Sugary drinks may get most of the attention in discussions about the obesity epidemic, but research from Deakin University has found salt may be a silent contributor to the problem.
The study of more than 4,200 Australian children found that children who consume high amounts of salt are also likely to drink more sugary beverages, putting them at risk of unhealthy weight gain.
“High salt diets not only put children at risk of serious long-term health problems, such as developing high blood pressure later in life which is a major cause of stroke and heart disease, they are likely to be contributing to the rates of overweight and obesity,” said lead researcher Carley Grimes.
The Deakin researchers looked at the children’s consumption of dietary salt, fluids and sugar sweetened drinks, and found that for every one gram of salt consumed per day, the children drank 46 grams more fluid, with those who reported consuming sugar sweetened drinks drinking 17 grams more for every one gram of salt.
“The study confirms previous findings in other populations giving an Australian context to the idea that a diet high in salt makes children more likely to drink soft drinks,” said Dr Garry Jennings, cardiologist and director of Baker IDI Heart and Diabetes Institute.
“There is a well known conspiracy theory argued in nutrition circles that high salt content of commercial foods supports an alliance with soft drink manufacturers. However this study also shows that there are many other social factors involved in whether children drink soft drinks or not.”
Dr Jennings said while the study was able to confirm that salt intake is associated with higher soft drink consumption and overweight or obese children, it was not able to provide evidence of causality.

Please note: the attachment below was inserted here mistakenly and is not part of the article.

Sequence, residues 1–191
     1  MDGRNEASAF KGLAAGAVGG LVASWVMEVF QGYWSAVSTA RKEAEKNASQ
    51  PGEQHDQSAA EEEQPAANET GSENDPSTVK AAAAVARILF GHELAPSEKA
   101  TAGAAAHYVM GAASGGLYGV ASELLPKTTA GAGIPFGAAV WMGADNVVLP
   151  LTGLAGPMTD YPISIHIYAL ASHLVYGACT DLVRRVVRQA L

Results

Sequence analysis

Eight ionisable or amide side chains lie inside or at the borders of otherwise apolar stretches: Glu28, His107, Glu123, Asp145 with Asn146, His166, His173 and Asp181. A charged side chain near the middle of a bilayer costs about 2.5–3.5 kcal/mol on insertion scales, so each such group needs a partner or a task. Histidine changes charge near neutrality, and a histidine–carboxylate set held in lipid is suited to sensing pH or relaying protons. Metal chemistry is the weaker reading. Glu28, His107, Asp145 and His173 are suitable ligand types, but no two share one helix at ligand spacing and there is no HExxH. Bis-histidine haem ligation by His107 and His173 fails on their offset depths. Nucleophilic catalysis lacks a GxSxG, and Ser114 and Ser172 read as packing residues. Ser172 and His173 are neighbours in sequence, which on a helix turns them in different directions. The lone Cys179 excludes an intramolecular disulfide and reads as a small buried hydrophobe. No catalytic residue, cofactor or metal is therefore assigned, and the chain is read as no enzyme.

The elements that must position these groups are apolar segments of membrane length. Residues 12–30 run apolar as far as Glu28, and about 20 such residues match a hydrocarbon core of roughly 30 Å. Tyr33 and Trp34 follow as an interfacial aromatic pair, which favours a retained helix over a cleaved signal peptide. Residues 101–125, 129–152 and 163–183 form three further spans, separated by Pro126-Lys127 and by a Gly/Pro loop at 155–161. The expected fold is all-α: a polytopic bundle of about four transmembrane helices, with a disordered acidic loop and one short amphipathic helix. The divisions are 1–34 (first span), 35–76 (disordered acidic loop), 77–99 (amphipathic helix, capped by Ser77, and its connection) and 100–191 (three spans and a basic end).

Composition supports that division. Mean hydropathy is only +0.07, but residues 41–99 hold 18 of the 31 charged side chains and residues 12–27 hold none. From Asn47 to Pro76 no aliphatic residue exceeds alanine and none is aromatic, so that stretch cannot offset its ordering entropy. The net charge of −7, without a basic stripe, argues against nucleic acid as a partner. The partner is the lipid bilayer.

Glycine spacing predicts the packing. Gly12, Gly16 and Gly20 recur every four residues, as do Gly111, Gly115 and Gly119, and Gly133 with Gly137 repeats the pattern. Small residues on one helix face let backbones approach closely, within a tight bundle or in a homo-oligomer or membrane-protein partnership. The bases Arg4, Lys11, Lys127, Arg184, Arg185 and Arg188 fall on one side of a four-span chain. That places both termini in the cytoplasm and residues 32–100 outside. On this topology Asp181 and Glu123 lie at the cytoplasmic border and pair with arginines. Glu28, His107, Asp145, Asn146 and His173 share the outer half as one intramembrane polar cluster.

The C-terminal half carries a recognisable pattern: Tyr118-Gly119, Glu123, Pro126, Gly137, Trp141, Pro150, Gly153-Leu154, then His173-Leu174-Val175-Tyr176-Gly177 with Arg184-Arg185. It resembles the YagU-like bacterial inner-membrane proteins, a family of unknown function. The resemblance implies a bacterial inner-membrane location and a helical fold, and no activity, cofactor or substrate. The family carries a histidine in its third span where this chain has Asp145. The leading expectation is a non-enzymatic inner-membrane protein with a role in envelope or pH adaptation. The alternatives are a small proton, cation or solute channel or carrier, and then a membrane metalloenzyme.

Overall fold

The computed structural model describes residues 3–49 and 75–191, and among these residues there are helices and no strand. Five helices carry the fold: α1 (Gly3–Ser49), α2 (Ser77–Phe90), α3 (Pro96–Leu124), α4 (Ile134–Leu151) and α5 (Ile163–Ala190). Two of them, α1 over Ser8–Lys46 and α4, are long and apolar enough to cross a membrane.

“It could just be that children who eat a lot of commercial and fast foods get them in a package that includes large serving sizes, high fat and refined carbohydrates including soft drinks,” he said.
This is an important study as it provides observations on the Australian diet in Australian children and therefore should help inform national policy. Setting salt, sugar and saturated fat targets for commercial foods, clearer food labelling, better regulation of advertising standards to children would all help address this as healthier nutrition in early life would bring big health benefits and cost savings to the community down the track.
The findings are similar to those published in an earlier UK study said Dr Jacqui Webster, senior lecturer at the University of Sydney.
“People who are eating too much salt are also more likely to be eating too much food overall. This further supports the need to urgently reduce children’s salt intake,” Dr Webster said.
Grimes said parents should ensure that water was made available and encouraged so that if children were exposed to high sodium food they did not end up drinking extra sweetened beverages.
“We should also be aiming to reduce the amount of salt that kids are consuming, be that in the food supply or through choosing less processed foods over really highly processed foods,” she said.
Dr Jennings said setting salt, sugar and saturated fat targets for commercial foods, clearer food labelling, and better regulation of advertising standards to children would all help address the issue and would bring big health benefits and cost savings to the community down the track.